The Obama Doctrine of Due Process

The Washington Times (Washington, DC), November 24, 2009 | Go to article overview

The Obama Doctrine of Due Process


Byline: Wesley Pruden, THE WASHINGTON TIMES

Willing student or not, reality continues to give Barack Obama a late education in how the world - including the United States - actually works. The president and his attorney general are giving the rest of us an Ivy League tutorial in constitutional law.

When Attorney General Eric H. Holder Jr. awarded the Islamic radicals the opportunity to take their rhetorical carnival of murder and mayhem to New York City for the trial of Khalid Shaikh Mohammed, the self-proclaimed mastermind of the 9/11 assault on America, Mr. Holder insisted that he was only acting in the American judicial tradition of due process. A military tribunal is OK for a GI in Afghanistan but not for a criminal the GI captures there. His prescription is actually more in the tradition of Rules for Radicals, the manual of civic disorder and troublemaking written by Saul Alinsky, Mr. Obama's revered mentor in all the things not in the province of the Rev. Jeremiah Wright or Bill Ayers. The president and the attorney general have had interesting instructors.

Neither the president nor the attorney general were quite prepared for the overwhelming, bipartisan, transracial outrage over their remarkable doctrine of due process. Mr. Obama, questioned by reporters in Asia, insisted that the noose was ready for Khalid Shaikh Mohammed (or KSM in the helpful shorthand applied to unpronounceable names). The legal niceties were necessary, but the wait for the hangman - or the needler, or electrician or whomever - would make the anticipation all the merrier.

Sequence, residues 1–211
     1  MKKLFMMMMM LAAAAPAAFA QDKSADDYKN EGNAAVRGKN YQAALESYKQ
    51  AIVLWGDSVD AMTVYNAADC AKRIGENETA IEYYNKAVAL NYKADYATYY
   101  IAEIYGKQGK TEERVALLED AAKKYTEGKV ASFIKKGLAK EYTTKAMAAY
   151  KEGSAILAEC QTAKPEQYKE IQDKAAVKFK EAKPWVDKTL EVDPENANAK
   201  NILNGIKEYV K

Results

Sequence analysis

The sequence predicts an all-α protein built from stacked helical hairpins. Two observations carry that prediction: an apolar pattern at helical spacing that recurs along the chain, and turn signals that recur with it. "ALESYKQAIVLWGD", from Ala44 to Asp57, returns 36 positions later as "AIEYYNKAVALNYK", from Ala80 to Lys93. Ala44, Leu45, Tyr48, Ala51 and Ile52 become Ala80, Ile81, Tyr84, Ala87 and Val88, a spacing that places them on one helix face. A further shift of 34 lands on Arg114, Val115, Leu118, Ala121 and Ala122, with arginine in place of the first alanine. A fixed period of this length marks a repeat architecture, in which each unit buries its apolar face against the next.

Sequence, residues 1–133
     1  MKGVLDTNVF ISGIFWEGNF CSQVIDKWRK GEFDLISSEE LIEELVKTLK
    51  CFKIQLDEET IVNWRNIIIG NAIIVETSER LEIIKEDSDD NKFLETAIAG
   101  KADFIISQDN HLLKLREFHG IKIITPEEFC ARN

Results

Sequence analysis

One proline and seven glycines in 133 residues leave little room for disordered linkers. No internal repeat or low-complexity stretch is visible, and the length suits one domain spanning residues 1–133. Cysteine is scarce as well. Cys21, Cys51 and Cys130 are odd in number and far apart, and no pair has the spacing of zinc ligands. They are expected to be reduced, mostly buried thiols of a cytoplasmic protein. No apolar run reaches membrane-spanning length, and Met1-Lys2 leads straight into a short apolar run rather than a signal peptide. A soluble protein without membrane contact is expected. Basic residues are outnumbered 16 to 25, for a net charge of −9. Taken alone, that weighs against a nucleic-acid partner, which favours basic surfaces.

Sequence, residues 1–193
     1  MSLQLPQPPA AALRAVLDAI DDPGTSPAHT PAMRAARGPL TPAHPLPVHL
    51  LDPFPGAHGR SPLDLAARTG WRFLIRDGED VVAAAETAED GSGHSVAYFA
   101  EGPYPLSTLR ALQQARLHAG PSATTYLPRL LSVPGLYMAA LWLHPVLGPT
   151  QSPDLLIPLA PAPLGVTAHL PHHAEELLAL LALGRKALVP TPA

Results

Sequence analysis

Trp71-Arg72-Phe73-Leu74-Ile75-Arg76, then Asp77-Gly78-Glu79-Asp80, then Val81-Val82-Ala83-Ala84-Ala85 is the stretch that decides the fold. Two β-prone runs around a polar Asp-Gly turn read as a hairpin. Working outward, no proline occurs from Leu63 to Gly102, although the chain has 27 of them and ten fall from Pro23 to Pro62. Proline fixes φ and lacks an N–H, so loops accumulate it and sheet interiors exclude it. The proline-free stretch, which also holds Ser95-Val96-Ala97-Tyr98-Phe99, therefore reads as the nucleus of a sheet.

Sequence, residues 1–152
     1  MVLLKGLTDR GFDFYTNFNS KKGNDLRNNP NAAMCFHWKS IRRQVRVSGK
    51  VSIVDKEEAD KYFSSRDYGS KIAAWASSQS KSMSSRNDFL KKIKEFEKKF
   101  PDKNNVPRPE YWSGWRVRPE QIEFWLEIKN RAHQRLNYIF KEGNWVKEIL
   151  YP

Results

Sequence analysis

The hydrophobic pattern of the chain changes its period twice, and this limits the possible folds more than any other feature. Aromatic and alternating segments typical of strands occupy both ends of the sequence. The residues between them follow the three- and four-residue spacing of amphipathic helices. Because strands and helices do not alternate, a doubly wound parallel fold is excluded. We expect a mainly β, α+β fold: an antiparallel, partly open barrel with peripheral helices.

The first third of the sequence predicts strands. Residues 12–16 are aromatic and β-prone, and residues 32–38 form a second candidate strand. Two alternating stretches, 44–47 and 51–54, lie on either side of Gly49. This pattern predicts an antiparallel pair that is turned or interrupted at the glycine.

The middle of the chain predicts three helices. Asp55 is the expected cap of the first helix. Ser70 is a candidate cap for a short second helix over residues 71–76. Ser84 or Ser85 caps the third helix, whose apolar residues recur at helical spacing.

The president said anyone offended by the unprecedented legal privileges afforded KSM in a civilian trial, instead of submission to the usual military tribunal for criminals captured on the battlefield, won't find it offensive at all when he's convicted and when the death penalty is applied to him.

The attorney general, sharply questioned by several senators at a hearing by the Senate Judiciary Committee, said, with more than a hint of prosecutorial smugness, that failure is not an option. The 72 virgins waiting for KSM in Islamic paradise might as well start filling their lamps with oil in anticipation of their bridegroom. Sen. Herb Kohl of Wisconsin, a Democrat, was nevertheless not impressed. Well, he said, that's an interesting point of view. …

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